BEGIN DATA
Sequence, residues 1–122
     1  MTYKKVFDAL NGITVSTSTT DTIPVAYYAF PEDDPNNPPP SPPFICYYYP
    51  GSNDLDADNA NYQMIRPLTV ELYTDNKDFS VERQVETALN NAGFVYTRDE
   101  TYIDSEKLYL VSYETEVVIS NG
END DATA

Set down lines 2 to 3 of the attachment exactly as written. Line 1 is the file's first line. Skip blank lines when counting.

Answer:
     1  MTYKKVFDAL NGITVSTSTT DTIPVAYYAF PEDDPNNPPP SPPFICYYYP
    51  GSNDLDADNA NYQMIRPLTV ELYTDNKDFS VERQVETALN NAGFVYTRDE